Lise Taylor reveals the organisations and individuals honoured at the 2017 Fundraising Institute Awards.


fia awards 2017When Fundraising Institute Australia held its 2017 Awards for Excellence in Fundraising event in February, a host of awards were handed out. Although fewer honours were awarded this year – the quality of the winners raised the bar for the sector.

Triple treat plus a double-up

Congratulations go to Act for Peace for its Ration Challenge, which won three categories – Most Innovative Fundraising Project, Donor Acquisition Over $5 Million and Special Events Over $5 Million – and raised $2.1 million in 2016 alone (turn to case study on page 32).
Following closely behind was a double-up, with The University of Melbourne scooping both Most Outstanding Fundraising Project and Capital Campaigns Over $5 Million awards. These were for its Believe campaign, which is now set to raise an incredible $1 billion by 2021.

Donor acquisition and renewal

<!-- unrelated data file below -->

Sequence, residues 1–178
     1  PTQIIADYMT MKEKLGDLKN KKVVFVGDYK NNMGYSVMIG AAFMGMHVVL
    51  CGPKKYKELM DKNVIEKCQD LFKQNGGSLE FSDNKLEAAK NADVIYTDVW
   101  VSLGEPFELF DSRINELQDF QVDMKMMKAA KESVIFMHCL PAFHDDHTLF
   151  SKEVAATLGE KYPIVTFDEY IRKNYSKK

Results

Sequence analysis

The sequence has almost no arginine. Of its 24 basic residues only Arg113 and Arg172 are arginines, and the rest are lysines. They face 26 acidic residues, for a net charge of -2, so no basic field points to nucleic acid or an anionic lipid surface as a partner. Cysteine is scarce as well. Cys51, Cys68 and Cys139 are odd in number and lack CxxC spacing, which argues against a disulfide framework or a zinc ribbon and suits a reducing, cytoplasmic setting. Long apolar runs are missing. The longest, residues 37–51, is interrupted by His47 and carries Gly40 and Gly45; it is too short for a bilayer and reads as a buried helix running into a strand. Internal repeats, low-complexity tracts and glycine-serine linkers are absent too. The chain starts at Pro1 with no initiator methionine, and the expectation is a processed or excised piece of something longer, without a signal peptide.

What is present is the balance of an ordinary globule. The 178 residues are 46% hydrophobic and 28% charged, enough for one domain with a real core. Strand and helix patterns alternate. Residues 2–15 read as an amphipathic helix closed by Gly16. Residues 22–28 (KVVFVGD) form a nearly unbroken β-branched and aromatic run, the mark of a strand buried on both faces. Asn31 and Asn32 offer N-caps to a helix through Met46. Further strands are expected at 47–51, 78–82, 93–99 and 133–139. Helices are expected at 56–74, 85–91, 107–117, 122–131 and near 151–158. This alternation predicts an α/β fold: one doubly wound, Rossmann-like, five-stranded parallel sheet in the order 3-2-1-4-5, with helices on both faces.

When it came to acquisition and renewal, five nonprofits were hailed for their success. Act for Peace won Donor Acquisition Over $5 Million and ActionAid followed up by scooping the Under $5 Million section with its End FGM Acquisition Campaign to end female genital mutilation. The charity has received $170,273 in revenue to date and 4,117 new donors. 

For the donor renewal awards, Children’s Cancer Institute and Peter MacCallum Cancer Foundation shared top honours for the Over $5 Million category, the Children’s Cancer Institute for its Charlie’s Promise campaign (see page 34) and Peter Mac for its 2016 direct mail tax appeal. VisAbility Guide Dogs WA received the Under $5 Million award for its donor renewal campaign to prepare a new generation of guide dogs.

Major gifts, bequests, capital campaigns and special events

Winning their respective Over $5 Million categories were Perth Children’s Hospital Foundation for its Emerging Leaders in Philanthropy major gifts campaign, Bush Heritage Australia for its Bush Legacy Circle bequest reconfirmation campaign, The University of Melbourne for its capital campaign and Act for Peace for its event.

Individuals who have made a difference

The Arthur Venn Fundraiser of the Year award was handed to Jo Garner from Strategic Grants for excellence in grants philanthropy (see page 31) – while Charlotte Sangster, National Development Manager at Frontier Services, was honoured with the Young Fundraiser of the Year award (turn to page 33). May Cameron, 81, was awarded Volunteer of the Year for her 45 years of work for the Cerebral Palsy Alliance. In her time, she has helped to raise $923,916.56. 

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